Adyashanti

Adyashanti Enlightenment Story

The following is an excerpt from an interview with Adyashanti.

Question: How did awakening and liberation occur for you?

I had my first what traditionally would be called awakening experience when I was 25 years old. This was very powerful and full of emotion and release and joy and bliss and all that it is supposed to be full of. But, because there was so much emotion involved, it obscured the simplicity of awakeness itself. Like so many others, I continued to chase certain ideas and concepts of what awakeness was supposed to be. That caused years of misery.

Gradually over time I had the same experience reoccur, but each time with less and less emotion. I could see more and more clearly over time what was the actual essential element. Then finally an awakening occurred where at the moment of awakening, there was no emotion in it. It was just the pure seeing of what is. When there was the pure seeing of what is, unclouded by emotional content, it was obvious. It was very obvious that consciousness recognized itself for what it really is – aware space before any emotion or thought or manifestation.

Question: Would you say that this is the point at which the
distinction between awakening and liberation occurred?

No. Even though there was a freedom and incredible sense of fearlessness and release from not being confined to the dream of a separate “I”, I started to feel somewhat discontented with that. I didn’t know why I felt discontented, and it didn’t bother me in any way. The discontent didn’t touch that freedom, so it didn’t bother me, but I was interested in it.

Then one day I was sitting reading a book, and I folded the book to
put it away and realized that somewhere in some magic time, something had dropped away, and I didn’t know what it was. There was just a big absence of something. I went through the rest of the day as usual but noticing some big absence. Then when I sat down on the bed that night, it suddenly hit me that what had fallen away was all identity.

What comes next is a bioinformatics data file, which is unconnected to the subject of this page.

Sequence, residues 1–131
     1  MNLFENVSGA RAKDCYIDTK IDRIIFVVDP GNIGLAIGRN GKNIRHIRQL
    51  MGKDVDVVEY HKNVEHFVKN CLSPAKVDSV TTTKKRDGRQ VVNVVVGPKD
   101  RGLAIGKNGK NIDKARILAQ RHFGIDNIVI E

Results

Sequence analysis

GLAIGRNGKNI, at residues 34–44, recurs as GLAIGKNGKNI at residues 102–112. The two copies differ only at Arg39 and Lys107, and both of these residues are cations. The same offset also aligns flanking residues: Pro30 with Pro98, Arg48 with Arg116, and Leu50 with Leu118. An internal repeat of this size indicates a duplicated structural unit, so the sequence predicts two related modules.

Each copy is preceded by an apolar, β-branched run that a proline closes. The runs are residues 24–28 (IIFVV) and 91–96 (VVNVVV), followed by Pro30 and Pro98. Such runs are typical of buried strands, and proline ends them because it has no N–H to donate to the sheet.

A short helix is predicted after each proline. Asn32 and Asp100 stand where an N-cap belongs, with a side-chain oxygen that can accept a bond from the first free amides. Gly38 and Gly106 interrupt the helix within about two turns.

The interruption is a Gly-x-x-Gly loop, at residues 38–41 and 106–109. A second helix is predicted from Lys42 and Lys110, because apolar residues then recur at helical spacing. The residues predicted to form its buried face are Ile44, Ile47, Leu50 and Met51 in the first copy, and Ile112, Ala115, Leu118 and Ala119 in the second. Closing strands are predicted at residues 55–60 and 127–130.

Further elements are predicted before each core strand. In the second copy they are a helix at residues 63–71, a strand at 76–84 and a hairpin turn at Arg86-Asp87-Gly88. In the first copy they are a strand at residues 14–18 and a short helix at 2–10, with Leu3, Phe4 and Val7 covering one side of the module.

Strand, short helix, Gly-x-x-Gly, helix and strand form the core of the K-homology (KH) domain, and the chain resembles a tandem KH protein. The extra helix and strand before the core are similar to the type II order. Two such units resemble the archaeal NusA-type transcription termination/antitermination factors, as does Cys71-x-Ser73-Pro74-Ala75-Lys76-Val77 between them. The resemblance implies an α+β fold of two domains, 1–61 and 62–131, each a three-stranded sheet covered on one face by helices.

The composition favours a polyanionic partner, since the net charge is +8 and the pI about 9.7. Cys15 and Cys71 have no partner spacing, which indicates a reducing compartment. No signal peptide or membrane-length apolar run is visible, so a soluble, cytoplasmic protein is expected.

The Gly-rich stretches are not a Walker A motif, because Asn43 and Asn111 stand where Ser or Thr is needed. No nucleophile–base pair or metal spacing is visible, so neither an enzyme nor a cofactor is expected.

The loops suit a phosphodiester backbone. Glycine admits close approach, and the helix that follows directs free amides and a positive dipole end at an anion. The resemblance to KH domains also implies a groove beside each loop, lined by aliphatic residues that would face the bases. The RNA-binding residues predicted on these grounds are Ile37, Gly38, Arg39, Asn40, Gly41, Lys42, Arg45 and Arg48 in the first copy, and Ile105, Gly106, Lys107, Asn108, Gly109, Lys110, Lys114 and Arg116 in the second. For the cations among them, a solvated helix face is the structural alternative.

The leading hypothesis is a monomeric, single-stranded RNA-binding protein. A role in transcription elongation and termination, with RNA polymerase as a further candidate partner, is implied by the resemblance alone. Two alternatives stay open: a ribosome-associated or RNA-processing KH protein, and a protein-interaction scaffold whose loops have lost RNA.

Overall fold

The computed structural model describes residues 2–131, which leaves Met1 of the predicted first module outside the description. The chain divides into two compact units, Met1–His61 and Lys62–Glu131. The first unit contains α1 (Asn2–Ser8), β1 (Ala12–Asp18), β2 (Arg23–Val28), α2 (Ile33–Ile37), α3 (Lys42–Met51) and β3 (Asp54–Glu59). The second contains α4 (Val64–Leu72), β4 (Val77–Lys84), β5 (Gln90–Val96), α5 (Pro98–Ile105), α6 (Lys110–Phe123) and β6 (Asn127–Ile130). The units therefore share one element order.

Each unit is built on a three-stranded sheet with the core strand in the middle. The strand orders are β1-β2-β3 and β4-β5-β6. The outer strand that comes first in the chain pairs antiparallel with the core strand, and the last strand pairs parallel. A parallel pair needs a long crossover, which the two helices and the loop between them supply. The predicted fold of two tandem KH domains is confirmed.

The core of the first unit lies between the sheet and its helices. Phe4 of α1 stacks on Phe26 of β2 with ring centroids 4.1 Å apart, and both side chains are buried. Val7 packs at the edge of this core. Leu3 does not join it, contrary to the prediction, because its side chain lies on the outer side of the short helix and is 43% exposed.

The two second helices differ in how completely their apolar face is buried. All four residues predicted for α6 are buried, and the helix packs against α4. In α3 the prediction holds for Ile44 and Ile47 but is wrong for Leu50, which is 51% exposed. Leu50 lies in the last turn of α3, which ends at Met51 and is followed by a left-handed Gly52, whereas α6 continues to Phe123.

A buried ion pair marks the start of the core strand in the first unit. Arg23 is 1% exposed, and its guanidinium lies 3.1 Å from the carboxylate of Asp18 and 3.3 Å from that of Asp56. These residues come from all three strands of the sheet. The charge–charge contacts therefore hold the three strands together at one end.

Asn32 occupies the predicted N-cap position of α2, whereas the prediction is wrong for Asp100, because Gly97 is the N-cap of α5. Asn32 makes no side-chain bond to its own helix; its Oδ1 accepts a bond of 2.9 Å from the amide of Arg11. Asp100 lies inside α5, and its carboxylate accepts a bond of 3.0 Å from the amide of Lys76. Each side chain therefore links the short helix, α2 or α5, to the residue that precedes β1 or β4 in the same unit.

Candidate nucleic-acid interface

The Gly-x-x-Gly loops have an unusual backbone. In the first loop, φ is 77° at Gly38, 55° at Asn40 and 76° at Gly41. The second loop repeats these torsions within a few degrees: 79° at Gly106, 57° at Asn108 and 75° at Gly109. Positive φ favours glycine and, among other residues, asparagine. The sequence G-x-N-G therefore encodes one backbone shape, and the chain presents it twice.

All identity had collapsed, as both the self in the ego sense of a separate me, and as the slightest twinge of identity with the Absolute Self, with the Oneness of consciousness. There had still been some unconscious, identity or “me-ness” which was the cause of the discontent. And it all collapsed. Identity itself collapsed, and from that point on there was no grasping whatsoever for little me or for the unified consciousness me. Identity just fell away and blew away with the wind.

Question: When you noticed that the identity had collapsed and was
gone, what remained?

Everything just as it always had been. There was just the lack of any “I”, personal or universal, or the fundamental unconscious belief in any identity or of fixating self in any place. The mind can continue to fixate a subtle identity of self even in universal consciousness, or Self. It can be so incredibly easy to miss. To say “I am That” can be a very subtle fixation of consciousness.

Question: It’s still a landing, a form of identity.

It’s a slight landing, a slight grasping. It’s very subtle. But when it collapses, you are even beyond “I am That”. You are in a place that cannot be described.

Question: And that is what you call liberation?

That is what I call liberation. Really, in the end, what you end up with is that you don’t know who you are. You end up in the same place you started out. You truly don’t know who you are because it’s impossible to fixate the self anywhere.

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